I've just realised that this text (taken from the CIA factbook) is in fact a carbon copy of the same text of the West Bank. Minus my and your additions, of course. I'm now unsure how to proceed - do we need a seperate article on the history of the Strip, or can the info be distributed between articles such as Gaza Strip, Palestinian Authority, Israel, etc? Martin
Zero, please explain the reason behind removal (not even moved to talk) the following paragraph: --- As a result of 1948 Arab-Israeli War, Jordan occupied Judea and Samaria and called it the West Bank. Jews and Christians were forbidden to visit their holy places. Ancient synagogues were razed or used as stables filled with dung-heaps, garbage and carcasses. Libraries and centers of religious study were ransacked and destroyed. In Jerusalem, The Western Wall is turned into a slum. The former main synagogue of Jerusalem Hurva Synagogue was dynamited. On the Mount of Olives, 38,000 tombstones were removed from the ancient Jewish cemetery and used as paving stones for roads and as construction material, including use as latrines. Parts of the cemetery were converted into parking lots, a gas station, and a hotel. Jews were not permitted to live in Hebron, nor visit or pray at the Jewish holy sites in the city. The Jewish Quarter was razed, the Jewish cemetery desecrated.
--- The accusation of "101%" POV doesn't really work against photos and facts. I can collect more. Thanks. Humus sapiens 10:33, 23 Dec 2003 (UTC)
- Sure, I'll explain. The title of the article is History of the West Bank and Gaza Strip. It is not Vitriolic attack on all the terrible things done in Yesha by the Arab animals. Hundreds of thousands of people were living their lives out and the only thing worthy of reporting is the fate of cemetaries and synagogues. Meanhile Israel was busy destroying or taking over hundreds of Arab villages, all of which had cemetaries and many of which had mosques. At least one hundred mosques (some say 300) were destroyed and quite a few (some major) were taken over for secular use. You are right: the destruction of ancient structures like the Hurva Synagogue was a major cultural crime, but both sides did it. You can show me a photo of a synagogue turned into a stable? I believe you. I can show you a photo of a mosque turned into a bar. What I'm saying is that your paragraph is unacceptably partisan. It also has a sort of hysterical tone that doesn't belong here. --Zero 11:33, 23 Dec 2003 (UTC)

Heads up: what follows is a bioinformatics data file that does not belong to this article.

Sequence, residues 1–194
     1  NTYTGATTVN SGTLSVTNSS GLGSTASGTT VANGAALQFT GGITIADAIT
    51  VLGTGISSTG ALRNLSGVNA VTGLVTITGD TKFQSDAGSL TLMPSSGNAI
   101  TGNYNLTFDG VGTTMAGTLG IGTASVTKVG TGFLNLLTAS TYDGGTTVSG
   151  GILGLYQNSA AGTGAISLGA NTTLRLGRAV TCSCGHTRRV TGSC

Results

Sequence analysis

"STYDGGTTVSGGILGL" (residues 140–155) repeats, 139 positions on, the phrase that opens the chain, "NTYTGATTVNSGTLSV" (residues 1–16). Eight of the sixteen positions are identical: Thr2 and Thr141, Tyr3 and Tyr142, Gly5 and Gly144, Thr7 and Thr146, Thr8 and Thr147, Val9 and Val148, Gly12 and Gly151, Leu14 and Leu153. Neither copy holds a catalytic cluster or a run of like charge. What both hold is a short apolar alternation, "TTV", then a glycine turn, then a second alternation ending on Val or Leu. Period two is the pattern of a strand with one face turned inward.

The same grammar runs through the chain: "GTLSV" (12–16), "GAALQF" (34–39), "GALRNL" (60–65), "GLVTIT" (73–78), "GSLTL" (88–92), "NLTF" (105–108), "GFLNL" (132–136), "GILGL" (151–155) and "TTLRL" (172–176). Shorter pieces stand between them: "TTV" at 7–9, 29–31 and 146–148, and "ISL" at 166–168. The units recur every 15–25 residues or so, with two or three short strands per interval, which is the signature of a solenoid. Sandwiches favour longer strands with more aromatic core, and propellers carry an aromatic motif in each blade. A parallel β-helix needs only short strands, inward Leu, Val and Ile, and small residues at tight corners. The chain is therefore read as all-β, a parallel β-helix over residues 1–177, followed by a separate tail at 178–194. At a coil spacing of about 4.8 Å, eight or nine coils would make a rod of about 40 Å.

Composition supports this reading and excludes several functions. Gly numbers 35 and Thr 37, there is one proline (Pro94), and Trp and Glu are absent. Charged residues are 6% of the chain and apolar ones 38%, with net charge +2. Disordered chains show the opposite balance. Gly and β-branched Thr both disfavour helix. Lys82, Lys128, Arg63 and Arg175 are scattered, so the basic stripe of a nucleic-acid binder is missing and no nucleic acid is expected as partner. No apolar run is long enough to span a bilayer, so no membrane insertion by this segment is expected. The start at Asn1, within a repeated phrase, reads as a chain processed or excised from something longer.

- Partisanship, hystery and bad wording are inappropriate for an encyclopedia. Proven facts should be stated in concise neutral language and links shoud be given. Perhaps accounts from both sides? Simply removing big chunks of text with links is not constructive, as well as denying historical facts and govt. policies. This is the reason why there is Talk page. Humus sapiens 23:10, 23 Dec 2003 (UTC)